Archive for October, 2008

A Couple Books Worth Reading

Recently, I have started reading Jerry Bridges.  In seminary, many of my friends and professors were great fans of his writing and went on and on about how encouraging his books are.  For whatever reason I only recently picked up a few of his books and started reading them.  Jerry Bridges has a better grasp of the fullness of the gospel of Jesus Christ than many of the other men whom I have read (perhaps it is more fair to say that Bridges has a better grasp of expressing the gospel in an intelligible way in late 20th/early 21st century America than many of the men I often read).

The first book that I read by Bridges was Respectable Sins:  Confronting the Sins We Tolerate.  In this book, Bridges outlines about 15 sins that Christians tolerate and even at times encourage among one another.  Respectable Sins was, at the same time, overwhelmingly convicting and unbelievably encouraging.  How is that possible?  Bridges was able to confront several sin issues that are often overlooked, even in and by pastors, while at the same time boldly proclaiming the gospel of Jesus Christ and the sufficiency of the work of Christ.  My recommendation, for what it is worth, is that you read this book.

The Discipline of Grace:  God’s Role and Our Role in the Pursuit of Holiness is the second Bridges book that I am tackling.  I just began this book today, and two quotes absolutely struck me.

“Your worst days are never so bad that you are beyond the reach of God’s grace.  And your best days are never so good that you are beyond the need of God’s grace” (19).

The second quote is from a letter by Mutua Mahiaini, who leads the Navigators ministry in Kenya, he wrote, “Any moment in our lives when we bask in God’s mercy and grace is our highest moment.  Higher than when we feel smug in our decent performance and cannot think of anything we need to confess” (27-28).

I have only read the first 28 pages of The Discipline of Grace, and I recommend you read at least that much.  If the rest of the book is half as good, then you would do well to read it too.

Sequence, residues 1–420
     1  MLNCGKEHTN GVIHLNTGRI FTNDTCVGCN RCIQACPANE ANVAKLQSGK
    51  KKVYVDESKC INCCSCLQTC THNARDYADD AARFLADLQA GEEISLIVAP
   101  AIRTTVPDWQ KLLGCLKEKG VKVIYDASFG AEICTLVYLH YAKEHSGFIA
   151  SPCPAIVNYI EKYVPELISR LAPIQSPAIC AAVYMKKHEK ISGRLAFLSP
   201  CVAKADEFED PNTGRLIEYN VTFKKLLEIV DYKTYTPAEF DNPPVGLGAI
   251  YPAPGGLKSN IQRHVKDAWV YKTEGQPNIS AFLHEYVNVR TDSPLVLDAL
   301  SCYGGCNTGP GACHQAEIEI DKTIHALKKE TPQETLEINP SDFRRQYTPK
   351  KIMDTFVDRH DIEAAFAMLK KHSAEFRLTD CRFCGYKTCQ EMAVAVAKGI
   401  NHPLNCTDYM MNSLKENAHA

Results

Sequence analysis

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Acts 2.42-47

“And they devoted themselves to the apostles’ teaching and the fellowship, to the breaking of bread and the prayers.  And awe came upon every soul, and many wonders and signs were being done through the apostles.  And all who believed were together and had all things in common.  And they were selling their possessions and belongings and distributing the proceeds to all, as any had need.  And day by day, attending the temple together and breaking bread in their homes, they received their food with glad and generous hearts, praising God and having favor with all the people.  And the Lord added to their number day by day those who were being saved.”  Acts 2.42-47 (ESV)

Acts 2.42-47 and other passages like it are important because they provides  clear descriptions of the life of the 1st century church.  When dealing with this passage we must bear in mind that it is a description of the 1st century church and not a prescription for the modern church.  That is to say, Luke is not giving us directions for exactly what we are to do as the church.  However, the descriptive nature of this passage does not lead us to the conclusion that there is nothing the modern church can learn or apply in the modern setting.  The principles behind the specifics are of great value even today.

The vision of Christ Church Conway is “To work for the expansion of the Kingdom of God by starting a new church in Conway, AR which will a) be a worshipping-community, a ministering-community, and a transforming-community, and b) work to plant and water the seeds of the gospel in the lives of individuals in Conway and all the places where we serve.”  Acts 2.42-47 is one of the passages that helped shape this vision.  The Acts 2 passage illustrates the broad statements of being a worshipping, ministering, and transforming community.